Serving as Managing Editor for Rebel Storytellers is a blast. I love reading what my friends are writing, and I especially love people who are passionate about helping others pursue their dreams. Because I read the submissions before they get posted on our site, I get inspired before anyone else. I smelled Brad’s cherry headwinds before you. I got excited about Joe’s Bible Experiment before you. I analyzed Darrin’s photograph before you. I shed a tear reading the story of Garrett’s brother before you. It’s like my own personal backstage pass.
But the most interesting part of our launch has been receiving each storyteller’s first submission. Keep in mind, these are incredibly talented people. (Just take a look around and you’ll see what I mean.) Our Storytellers have been creating excellent work for years. They are intelligent, and successful, and many are experts in their chosen fields.
That’s why I was surprised when almost every single Storyteller included a disclaimer with their first submission. They were all worded a little differently, but it went something like, “Let me know if this isn’t any good. Feel free to edit if it stinks, and I’m happy to rewrite if you need me to.”
While I like to pretend my job is excruciatingly difficult, the truth is that I’ve barely had to edit any of the submissions I’ve received so far. The content has been superb. I’ve felt wholly unnecessary at times. But the disclaimers and qualifiers kept rolling in.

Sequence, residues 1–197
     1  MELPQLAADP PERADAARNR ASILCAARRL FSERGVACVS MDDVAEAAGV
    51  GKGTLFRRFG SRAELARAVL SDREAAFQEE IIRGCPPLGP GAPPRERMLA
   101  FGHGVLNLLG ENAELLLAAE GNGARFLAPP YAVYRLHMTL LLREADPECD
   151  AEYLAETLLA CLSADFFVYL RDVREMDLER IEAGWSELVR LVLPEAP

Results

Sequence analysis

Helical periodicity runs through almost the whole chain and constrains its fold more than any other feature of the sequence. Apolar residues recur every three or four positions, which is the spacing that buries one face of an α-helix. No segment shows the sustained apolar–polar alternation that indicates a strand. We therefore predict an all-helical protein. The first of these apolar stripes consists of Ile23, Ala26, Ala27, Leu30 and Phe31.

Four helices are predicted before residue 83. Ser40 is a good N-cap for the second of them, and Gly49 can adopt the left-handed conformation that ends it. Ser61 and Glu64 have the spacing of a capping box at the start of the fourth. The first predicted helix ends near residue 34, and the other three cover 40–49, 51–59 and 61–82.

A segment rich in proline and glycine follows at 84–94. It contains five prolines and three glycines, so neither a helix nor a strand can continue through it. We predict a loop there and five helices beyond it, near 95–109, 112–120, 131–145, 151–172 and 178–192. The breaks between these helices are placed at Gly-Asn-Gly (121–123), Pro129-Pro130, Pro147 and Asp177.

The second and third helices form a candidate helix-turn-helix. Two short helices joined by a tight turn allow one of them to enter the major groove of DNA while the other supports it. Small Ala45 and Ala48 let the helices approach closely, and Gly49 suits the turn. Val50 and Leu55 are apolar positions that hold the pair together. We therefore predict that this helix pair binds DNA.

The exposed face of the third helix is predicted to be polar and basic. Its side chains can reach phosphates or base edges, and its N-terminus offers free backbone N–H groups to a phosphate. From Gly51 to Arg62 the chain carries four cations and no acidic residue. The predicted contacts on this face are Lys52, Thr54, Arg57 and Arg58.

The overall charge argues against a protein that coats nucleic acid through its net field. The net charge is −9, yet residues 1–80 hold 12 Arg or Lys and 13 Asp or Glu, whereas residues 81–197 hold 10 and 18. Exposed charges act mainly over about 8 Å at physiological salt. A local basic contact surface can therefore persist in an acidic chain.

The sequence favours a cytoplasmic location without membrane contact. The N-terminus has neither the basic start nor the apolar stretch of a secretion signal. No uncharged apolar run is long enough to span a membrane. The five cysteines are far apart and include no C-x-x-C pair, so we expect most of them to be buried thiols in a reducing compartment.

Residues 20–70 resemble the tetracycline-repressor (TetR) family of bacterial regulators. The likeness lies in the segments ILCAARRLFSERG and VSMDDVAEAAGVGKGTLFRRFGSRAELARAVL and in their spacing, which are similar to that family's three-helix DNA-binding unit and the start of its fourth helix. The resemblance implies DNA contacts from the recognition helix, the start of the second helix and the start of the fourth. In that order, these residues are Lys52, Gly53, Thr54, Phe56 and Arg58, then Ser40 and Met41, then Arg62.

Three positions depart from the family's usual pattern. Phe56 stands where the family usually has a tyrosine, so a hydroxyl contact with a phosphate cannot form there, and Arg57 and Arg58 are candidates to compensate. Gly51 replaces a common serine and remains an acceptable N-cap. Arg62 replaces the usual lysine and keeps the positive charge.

I’m the same way when people read my writing for the first time. I want to explain the ten thousand reasons it’s awful before they get the chance to crush my hopes and dreams. I like to lower expectations so people aren’t disappointed in me. And, too often, I keep my creations hidden on my laptop so I don’t have to risk rejection or failure.
Fear can be debilitating. It keeps people from exploring the creative passageways of their minds. It keeps people in the background when they’re meant to be on center stage. The secret that no one wants to let slip is that we’re all scared. Even the best writers, artists, photographers, filmmakers, and musicians fear they’re not good enough. Sometimes I forget that I’m not the only one.
Although I don’t wish that paralyzing fear on anyone, the past week has been a reminder that I’m not alone. And neither are you. So, we might as well be scared together, create in spite of our doubts, and take chances in order to free others from those same crippling fears.
Photo (Flickr CC) by epSos.de